In a Feb. 17 media briefing at the annual meeting of the American Association for the Advancement of Science (AAAS), members of three independent research teams will jointly unveiling a new breed of energy-efficient, two-legged, powered robots with a surprisingly human gait. The studies will be published in the journal Science on Feb. 18, 2005.
Researchers from Cornell University and the Massachusetts Institute of Technology (MIT), and their colleagues from Delft University of Technology in the Netherlands, will display footage of all three bipedal robots and demonstrate the MIT biped.
"These innovations are a platform upon which others will build," says Michael Foster, NSF expert on computer and information science and engineering and one of the managers who oversaw this research. "This is the foundation for what we may see in robotic control in the future."
By applying concepts rooted in "passive-dynamic walkers"--devices that can walk down a shallow slope powered only by the pull of gravity--the engineers have crafted robots that, in the case of the Cornell biped, can walk on level ground yet use as little as one-half the wattage of a standard compact fluorescent bulb.
"The biped walking mechanism in robots is limited by on-board battery power," says Junku Yuh, NSF expert on intelligent systems, who also oversaw the research. "The Cornell team's passive mechanism helps greatly reduce the power requirement. Their work is very innovative."
Representing fundamental developments in computer and mechanical control, the robots are helping researchers understand bipedal motion and revealing processes that underlie human locomotion and motor learning. Applications are already on the horizon, with one researcher exploring how the new approach to robotics can aid development of increasingly energy-efficient prosthetic devices.
"This is a perfect example of a single concept yielding benefits in a variety of fields, including medicine," says NSF program officer Gil Devey, an NSF expert on disabilities research who also oversaw the projects.
The MIT walker provides a platform to study motor learning with a passive-dynamic design. In simple terms, the robot can teach itself to walk in as little as 10 minutes, adapting to terrain as it moves.
"This project is about the fundamentals of control," says Foster. "The researchers have combined our developing knowledge of computerized control with mechanical principles that the world provides for us and shown that we can integrate the two."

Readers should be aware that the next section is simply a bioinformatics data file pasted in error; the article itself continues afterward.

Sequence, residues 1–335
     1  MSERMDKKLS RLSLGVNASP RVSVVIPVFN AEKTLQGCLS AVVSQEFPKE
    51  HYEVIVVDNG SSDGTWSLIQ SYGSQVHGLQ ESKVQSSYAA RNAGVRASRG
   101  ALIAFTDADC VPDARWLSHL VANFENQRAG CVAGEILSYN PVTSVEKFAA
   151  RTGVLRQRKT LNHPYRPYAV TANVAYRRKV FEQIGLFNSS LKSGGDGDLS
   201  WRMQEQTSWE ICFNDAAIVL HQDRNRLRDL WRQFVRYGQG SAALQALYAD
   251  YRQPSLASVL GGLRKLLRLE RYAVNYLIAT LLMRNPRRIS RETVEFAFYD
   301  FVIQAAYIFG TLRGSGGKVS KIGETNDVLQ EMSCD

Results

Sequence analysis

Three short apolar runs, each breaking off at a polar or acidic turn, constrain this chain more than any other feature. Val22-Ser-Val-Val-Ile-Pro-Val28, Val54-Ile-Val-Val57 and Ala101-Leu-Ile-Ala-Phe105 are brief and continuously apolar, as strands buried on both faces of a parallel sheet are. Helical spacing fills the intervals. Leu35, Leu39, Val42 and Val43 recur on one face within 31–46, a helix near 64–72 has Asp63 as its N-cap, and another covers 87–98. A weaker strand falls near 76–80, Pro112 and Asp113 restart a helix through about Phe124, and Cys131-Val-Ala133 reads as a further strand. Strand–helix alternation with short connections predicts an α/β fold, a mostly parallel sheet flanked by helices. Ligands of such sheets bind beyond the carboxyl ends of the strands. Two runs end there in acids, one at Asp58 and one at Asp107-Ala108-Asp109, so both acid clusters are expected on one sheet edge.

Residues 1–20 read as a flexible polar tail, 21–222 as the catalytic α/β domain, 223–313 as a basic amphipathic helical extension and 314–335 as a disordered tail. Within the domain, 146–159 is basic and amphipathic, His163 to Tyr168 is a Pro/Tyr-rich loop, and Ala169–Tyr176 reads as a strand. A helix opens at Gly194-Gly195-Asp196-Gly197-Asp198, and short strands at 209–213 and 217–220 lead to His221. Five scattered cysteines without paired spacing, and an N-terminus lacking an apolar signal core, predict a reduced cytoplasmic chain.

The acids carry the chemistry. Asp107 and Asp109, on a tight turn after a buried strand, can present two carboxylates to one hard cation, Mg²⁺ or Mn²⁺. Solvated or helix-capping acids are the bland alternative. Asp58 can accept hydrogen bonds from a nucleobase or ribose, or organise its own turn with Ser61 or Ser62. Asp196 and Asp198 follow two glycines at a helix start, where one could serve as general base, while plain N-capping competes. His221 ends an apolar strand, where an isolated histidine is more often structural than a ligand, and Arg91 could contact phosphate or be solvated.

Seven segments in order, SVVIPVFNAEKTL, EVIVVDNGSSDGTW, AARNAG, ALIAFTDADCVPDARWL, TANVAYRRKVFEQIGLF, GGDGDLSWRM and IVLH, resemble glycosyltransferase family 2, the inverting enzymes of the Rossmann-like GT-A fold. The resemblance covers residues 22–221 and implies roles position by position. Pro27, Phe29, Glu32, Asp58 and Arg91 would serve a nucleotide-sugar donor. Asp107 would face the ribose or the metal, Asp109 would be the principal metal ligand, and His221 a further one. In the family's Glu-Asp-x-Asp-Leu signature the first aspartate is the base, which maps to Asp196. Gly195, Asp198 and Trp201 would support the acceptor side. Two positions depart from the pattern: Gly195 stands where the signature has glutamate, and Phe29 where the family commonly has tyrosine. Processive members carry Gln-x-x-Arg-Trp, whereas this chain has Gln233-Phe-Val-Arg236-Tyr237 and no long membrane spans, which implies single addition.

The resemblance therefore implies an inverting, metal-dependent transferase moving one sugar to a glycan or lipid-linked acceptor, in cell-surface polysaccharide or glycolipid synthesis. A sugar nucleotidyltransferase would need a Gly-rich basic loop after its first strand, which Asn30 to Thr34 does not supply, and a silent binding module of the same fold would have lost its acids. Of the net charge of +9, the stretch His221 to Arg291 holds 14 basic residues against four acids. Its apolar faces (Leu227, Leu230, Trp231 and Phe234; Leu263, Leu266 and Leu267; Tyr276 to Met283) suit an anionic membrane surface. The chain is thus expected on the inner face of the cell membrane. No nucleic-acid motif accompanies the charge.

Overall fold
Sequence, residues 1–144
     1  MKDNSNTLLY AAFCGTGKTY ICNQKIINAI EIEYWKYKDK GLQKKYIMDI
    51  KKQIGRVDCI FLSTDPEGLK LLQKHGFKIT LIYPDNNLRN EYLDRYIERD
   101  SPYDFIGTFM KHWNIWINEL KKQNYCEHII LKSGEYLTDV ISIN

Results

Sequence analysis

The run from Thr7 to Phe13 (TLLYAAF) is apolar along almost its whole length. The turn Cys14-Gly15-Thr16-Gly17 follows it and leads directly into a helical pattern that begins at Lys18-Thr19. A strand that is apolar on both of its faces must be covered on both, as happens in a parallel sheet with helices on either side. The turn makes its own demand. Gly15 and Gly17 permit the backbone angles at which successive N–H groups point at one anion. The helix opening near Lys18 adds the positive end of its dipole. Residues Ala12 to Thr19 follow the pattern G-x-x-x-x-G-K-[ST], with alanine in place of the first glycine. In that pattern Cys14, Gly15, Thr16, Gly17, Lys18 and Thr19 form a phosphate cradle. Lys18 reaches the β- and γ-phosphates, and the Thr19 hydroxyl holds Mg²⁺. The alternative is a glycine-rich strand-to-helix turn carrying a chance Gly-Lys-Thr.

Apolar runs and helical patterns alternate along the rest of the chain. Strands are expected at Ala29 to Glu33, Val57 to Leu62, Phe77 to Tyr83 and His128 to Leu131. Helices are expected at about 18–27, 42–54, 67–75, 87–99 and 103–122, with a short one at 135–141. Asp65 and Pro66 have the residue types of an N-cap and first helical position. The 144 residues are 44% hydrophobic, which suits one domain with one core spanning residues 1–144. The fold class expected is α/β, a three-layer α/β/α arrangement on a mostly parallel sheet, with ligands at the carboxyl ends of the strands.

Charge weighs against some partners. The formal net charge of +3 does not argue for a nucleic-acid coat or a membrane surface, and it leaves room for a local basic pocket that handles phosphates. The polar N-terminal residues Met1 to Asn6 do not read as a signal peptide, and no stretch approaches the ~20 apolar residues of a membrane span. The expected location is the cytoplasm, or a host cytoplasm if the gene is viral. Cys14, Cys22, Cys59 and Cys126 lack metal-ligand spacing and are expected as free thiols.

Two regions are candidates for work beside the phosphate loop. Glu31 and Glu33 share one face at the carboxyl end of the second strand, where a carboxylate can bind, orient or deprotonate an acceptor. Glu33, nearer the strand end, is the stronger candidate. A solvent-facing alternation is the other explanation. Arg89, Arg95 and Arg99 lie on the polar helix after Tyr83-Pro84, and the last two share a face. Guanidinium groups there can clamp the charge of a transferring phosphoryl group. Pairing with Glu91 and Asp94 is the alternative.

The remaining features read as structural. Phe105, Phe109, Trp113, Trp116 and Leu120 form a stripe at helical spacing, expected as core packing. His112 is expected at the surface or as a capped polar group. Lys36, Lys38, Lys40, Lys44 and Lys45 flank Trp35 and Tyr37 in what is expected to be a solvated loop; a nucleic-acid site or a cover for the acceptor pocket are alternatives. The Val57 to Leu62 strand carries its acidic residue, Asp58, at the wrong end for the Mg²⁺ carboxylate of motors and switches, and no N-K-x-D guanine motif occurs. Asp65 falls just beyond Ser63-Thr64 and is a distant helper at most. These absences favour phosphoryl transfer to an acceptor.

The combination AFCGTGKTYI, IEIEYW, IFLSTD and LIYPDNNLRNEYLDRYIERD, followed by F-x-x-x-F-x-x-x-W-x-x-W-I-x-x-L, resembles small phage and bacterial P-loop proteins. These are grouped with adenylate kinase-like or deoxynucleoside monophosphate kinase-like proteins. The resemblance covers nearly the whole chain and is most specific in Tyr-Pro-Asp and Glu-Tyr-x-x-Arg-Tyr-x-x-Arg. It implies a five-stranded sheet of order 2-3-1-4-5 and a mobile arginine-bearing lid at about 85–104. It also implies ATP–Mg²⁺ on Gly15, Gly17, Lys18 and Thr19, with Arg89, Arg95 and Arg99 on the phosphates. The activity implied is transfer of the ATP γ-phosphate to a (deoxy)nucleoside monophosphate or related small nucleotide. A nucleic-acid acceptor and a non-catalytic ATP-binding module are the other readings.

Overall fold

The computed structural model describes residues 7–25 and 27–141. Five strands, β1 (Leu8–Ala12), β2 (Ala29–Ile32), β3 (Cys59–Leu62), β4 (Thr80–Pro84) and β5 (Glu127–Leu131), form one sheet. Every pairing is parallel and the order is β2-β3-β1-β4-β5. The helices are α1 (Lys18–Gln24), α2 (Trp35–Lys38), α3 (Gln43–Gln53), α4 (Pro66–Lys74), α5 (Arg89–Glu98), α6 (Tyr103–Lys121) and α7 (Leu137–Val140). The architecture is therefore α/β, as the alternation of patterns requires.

All three robots verify a long-held hypothesis that suggests motors can substitute for gravity in passive-dynamic walking devices. A slope is not required, only careful engineering.
Reporters interested in attending the press briefing should go to the Taft Room, Marriott Wardman Park Hotel, Washington, D.C. Please arrive no later than 9:45 am to obtain a badge for the briefing. Be prepared to show a photo ID and press credentials.
A companion press release from Cornell University can be found at: http://www.
A companion press release from MIT, and additional images, can be found at: http://web.
Co-authors for the paper, "Efficient bipedal robots based on passive-dynamic walkers," are Steve Collins, Mechanical Engineering, University of Michigan; Andy Ruina, Theoretical and Applied Mechanics, Cornell University; Russ Tedrake, Brain and Cognitive Sciences, MIT; and Martijn Wisse, Mechanical Engineering Delft University of Technology.
The Cornell robot was developed by Steven Collins with suggestions from Andy Ruina. The MIT robot was developed by Russ Tedrake and Teresa Weirui Zhang with help from Ming-fai Fong and Derrick Tan in the lab of H. Sebastian Seung. The Delft robot was developed by Martijn Wisse and Jan van Frankenhuyzen, with help from Arend Schwab.
In addition to NSF support, the research was funded in part by the Dutch Technology Foundation (Stichting Technische Wetenschappen - STW) and the Packard Foundation.
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